Business, Economics and Jobs

Poverty can reduce brainpower, study finds


An unemployed man in central Athens holds a cardboard sign saying "I'm hungry" next to a coffee shop. The government classifies some 3.4 million as living in poverty out of a population of 11 million.


Milos Bicanski

A new study by a team of international researchers has found that the complications of poverty aren't just stressful: they can actually reduce the brainpower of the disadvantaged, leading them to make worse decisions than they might otherwise. 

Worry induced by financial problems can cause as much as a 13-digit dip in IQ points, the researchers found: as much damage as is done by missing an entire night of sleep. 

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Researchers talked to both New Jersey shoppers and Indian sugar cane farmers to collect their results, gathered by questioning people on matters that would remind them of their financial situation, while at the same time considering hypothetical budget decisions that were divided into "easy" and "hard" levels, writes Scientific American.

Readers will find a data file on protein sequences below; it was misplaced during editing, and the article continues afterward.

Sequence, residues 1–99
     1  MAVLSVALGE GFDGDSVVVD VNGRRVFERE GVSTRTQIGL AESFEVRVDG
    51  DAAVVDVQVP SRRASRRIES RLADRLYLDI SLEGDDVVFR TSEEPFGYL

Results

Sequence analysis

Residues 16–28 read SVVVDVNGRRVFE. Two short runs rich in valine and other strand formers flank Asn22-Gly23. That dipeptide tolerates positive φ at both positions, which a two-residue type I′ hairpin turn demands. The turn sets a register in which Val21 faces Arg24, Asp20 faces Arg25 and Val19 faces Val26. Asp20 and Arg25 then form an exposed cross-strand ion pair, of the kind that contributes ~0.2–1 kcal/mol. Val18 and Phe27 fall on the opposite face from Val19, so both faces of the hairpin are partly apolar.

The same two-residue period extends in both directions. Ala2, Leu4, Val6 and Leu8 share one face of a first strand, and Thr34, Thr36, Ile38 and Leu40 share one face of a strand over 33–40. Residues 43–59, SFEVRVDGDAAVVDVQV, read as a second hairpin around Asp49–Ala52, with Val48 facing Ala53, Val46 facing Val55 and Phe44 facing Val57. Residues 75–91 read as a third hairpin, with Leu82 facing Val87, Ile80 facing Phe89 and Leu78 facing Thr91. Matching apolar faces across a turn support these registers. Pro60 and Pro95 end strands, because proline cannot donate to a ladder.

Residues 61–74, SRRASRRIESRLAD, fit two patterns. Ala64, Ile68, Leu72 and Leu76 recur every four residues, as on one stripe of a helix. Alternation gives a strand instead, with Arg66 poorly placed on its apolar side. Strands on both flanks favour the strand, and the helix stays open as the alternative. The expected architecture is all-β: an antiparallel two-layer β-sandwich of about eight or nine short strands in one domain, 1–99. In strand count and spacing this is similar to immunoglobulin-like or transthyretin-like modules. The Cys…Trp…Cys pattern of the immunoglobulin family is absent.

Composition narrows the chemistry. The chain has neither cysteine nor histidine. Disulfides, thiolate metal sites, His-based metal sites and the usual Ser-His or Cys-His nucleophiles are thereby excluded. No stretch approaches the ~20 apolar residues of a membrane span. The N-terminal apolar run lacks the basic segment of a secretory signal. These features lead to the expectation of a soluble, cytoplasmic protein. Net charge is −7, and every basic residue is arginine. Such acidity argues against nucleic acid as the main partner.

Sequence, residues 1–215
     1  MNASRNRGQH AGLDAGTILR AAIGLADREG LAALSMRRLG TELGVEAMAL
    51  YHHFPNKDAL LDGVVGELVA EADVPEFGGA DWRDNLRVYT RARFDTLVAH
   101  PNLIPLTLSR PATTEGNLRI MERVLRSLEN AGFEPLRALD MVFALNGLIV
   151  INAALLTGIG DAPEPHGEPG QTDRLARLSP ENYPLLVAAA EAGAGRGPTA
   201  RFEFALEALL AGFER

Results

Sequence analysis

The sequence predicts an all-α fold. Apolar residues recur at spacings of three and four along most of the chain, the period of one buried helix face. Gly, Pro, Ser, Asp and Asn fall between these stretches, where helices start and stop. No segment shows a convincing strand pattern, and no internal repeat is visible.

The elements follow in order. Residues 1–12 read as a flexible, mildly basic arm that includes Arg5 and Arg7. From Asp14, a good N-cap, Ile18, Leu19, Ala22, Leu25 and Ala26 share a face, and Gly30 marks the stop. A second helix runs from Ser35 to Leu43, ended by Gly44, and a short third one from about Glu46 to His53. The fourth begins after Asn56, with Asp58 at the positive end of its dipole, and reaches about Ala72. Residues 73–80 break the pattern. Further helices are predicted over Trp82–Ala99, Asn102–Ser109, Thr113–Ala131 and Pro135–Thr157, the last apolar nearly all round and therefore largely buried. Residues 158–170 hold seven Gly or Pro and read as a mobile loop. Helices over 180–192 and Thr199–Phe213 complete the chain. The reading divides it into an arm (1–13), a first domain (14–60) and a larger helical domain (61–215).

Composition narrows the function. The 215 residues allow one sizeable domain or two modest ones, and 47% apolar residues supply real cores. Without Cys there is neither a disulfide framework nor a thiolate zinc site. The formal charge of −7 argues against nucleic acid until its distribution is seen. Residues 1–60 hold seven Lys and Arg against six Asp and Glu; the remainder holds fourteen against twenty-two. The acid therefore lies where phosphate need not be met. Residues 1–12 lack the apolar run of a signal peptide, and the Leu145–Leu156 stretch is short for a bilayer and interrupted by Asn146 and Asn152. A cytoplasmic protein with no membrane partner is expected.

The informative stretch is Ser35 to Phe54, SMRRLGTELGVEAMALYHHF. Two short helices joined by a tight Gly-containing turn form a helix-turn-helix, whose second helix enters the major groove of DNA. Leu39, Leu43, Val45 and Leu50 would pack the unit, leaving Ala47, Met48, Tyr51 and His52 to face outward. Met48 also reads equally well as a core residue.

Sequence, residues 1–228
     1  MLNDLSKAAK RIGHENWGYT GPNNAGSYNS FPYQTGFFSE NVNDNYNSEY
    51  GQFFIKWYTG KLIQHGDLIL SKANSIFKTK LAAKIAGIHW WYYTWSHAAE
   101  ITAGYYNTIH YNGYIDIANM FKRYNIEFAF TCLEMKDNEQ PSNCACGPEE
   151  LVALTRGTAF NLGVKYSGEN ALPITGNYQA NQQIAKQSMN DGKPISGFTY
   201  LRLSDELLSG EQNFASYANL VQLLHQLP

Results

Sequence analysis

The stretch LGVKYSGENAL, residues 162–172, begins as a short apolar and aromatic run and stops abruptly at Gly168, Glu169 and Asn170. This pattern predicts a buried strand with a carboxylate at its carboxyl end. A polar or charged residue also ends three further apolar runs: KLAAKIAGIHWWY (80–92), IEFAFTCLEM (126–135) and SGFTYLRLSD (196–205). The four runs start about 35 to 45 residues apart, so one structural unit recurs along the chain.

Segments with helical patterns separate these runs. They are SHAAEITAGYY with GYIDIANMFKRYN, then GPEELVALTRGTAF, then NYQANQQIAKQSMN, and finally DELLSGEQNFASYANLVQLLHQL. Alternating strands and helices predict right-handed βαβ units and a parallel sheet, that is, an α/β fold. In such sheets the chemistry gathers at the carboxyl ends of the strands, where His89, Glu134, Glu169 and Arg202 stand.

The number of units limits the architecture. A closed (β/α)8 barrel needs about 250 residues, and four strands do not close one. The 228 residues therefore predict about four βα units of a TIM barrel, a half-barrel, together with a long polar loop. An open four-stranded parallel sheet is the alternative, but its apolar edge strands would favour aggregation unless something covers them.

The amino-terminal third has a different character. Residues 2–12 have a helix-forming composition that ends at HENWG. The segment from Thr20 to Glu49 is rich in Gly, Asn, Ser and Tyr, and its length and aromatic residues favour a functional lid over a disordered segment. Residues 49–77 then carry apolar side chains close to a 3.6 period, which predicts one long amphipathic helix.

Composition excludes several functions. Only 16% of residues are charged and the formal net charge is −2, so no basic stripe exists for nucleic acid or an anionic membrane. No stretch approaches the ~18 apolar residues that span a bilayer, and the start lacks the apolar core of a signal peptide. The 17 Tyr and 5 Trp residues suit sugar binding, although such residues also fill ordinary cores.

After the questioning, the subjects were asked to perform some basic tasks that tested their cognitive ability, or their "mental bandwidth" as the study authors have termed it. 

The results were surprising: poorer people did worse than the rich on cognitive tasks when they had been given "hard" financial decisions to contemplate. (The results were similar when the financial decisions were "easy".) 

Shifting to Indian sugar cane farmers, the researchers found their study subjects performed better on cognitive tests after they had been paid, perhaps as a result of their now-reduced financial stress. 

"These findings fit in with our story of how scarcity captures attention. It consumes your mental bandwidth," said corresponding author Jiaying Zhao in a Princeton press release. "Just asking a poor person to think about hypothetical financial problems reduces mental bandwidth. This is an acute, immediate impact, and has implications for scarcity of resources of any kind."

"The poor are often highly effective at focusing on and dealing with pressing problems," said Princeton researcher Eldar Shafir to Reuters of the study. "But they don't have leftover bandwidth to devote to other tasks. So, if you live in poverty, you're more error prone and errors cost you more dearly -- it's hard to find a way out."

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